I've had my boat hauled in Urbanna VA for the past few months working on various things, living on her for the duration except for doing a boat delivery
from the Canaries
to St. Lucia in December. I have to say, living on a boat up on the hard
in winter, even in southern VA, is a complete and total PITA. We hates it. I'm so ready to get back in the water
The biggest job was painting the topsides. The previous paint
job was just starting to fail in a few spots and it was clear that the longer I left repainting her the more arduous it would be. So, I bit the bullet and figured I would change her color in the process to flag blue.
I did pretty much all of the prep work and I now have a deep appreciation for why it costs so much to paint
a boat. From the initial scrubdown through the sanding
of the original paint and between four primer coats, to the fairing and taping and solvent washing
I must have put 80 hours in. Decided to paint her with Awlcraft for repairability and ease of topcoating her down the line when the paint gets a bit tired.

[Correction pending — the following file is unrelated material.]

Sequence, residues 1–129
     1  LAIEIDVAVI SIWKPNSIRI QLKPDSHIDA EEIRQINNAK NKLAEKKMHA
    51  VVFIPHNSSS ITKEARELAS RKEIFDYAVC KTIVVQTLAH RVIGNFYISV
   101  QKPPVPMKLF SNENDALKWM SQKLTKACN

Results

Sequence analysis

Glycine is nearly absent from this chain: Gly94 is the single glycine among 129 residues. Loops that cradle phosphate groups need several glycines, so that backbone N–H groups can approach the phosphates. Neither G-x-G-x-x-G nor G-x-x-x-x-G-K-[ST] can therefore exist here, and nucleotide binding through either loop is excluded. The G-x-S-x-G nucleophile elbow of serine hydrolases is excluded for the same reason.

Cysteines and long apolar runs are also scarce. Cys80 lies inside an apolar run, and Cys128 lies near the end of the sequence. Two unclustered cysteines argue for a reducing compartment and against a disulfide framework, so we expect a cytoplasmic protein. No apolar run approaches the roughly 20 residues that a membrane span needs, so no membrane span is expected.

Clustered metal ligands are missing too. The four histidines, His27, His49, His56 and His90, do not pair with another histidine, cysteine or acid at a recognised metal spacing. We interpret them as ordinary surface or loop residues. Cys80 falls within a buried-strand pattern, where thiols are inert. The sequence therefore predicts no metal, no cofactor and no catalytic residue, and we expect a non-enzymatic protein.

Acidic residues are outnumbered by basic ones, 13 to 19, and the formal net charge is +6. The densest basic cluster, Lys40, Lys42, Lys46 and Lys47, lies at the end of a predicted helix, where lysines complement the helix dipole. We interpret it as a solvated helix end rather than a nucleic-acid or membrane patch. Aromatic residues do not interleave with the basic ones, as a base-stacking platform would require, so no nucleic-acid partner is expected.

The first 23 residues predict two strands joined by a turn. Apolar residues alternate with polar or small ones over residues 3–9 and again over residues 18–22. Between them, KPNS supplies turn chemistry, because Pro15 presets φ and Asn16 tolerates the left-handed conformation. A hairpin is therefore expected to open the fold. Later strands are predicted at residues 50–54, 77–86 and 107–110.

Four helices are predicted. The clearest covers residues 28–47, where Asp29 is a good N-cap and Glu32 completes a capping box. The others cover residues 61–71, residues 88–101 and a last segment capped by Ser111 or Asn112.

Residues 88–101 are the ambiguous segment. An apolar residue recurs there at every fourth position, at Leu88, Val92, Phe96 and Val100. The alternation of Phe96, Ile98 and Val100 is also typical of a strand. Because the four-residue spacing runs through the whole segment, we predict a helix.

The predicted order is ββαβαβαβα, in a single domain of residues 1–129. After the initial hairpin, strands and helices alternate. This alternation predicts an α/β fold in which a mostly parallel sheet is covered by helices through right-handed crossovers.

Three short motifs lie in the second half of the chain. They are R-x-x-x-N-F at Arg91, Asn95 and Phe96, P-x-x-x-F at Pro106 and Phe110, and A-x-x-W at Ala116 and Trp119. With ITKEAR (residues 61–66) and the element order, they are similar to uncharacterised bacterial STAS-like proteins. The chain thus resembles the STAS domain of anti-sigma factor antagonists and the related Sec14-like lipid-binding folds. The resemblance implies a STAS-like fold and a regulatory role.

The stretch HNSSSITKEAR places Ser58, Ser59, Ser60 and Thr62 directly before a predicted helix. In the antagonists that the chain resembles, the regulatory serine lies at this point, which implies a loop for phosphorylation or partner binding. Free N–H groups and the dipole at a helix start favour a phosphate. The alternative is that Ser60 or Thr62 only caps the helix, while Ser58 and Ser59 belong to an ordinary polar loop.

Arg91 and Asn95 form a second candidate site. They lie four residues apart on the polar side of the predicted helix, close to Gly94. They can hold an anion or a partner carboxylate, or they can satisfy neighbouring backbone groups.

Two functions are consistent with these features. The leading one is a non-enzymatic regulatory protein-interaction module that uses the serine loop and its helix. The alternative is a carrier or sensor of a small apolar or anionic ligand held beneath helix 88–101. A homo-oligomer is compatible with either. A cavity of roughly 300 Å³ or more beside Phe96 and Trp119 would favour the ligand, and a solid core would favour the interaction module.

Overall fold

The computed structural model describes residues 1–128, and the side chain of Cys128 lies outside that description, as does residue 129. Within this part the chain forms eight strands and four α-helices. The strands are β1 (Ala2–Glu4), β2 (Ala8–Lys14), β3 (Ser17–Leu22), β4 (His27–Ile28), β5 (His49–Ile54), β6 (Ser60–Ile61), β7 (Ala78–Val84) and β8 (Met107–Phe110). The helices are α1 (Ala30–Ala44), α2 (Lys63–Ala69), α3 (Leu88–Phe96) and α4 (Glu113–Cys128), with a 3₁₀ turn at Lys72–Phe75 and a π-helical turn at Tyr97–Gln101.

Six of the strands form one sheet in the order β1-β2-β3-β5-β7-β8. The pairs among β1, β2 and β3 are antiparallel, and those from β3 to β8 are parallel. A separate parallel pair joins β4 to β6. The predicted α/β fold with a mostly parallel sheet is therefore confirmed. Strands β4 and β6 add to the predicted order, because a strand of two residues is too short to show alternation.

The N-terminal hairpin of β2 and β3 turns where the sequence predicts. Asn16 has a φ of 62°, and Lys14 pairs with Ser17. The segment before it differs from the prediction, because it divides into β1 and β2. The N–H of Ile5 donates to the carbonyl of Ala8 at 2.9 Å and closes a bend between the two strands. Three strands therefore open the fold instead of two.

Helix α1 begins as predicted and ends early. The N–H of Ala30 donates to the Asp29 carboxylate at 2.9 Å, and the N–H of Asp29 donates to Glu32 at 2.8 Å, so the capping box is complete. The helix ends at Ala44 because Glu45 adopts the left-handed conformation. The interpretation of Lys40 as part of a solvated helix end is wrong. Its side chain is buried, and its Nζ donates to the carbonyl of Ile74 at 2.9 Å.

I'm pretty happy with how she turned out:
Taking off what was left of the old paint sheen:
After two coats of high build primer and tons of sanding
and fairing, she got three coats of 545:
Then three coats of Awlcraft 2000:
Adding a windvane
, we drilled the holes then mounted the brackets and the vane after the topcoats were on:
When she got power washed at haulout, a nasty surprise came to light. The rudder
skeg must have been damaged previous to my ownership
and repaired. The glasswork was good, but the fairing was not. Much of the filler, some of which looked like bondo, came right off, so I ground it all down to the glass and started over. What a pain:
Sealed with 545, then faired and sealed again.
When it's warm enough she's getting black bottom paint
to set off the blue topsides.
I'm stripping 20 years of varnish
off the caprails now while I wait for it to warm up enough to put bottom paint
on. It's taken me about 20 hours so far. I'm NOT going to varnish
them again as it's just too much work, there is no way to protect it, and the maintenance
topcoats each year are going to be a bear to apply along the outside under edge. I'm going to clean them and oil
them and see how it fares for a year or two and if I don't like the result, will probably go with Cetol.
Then I have to fix my SSB
, then find a replacement anemometer, and then...well, you get the idea. It's a boat.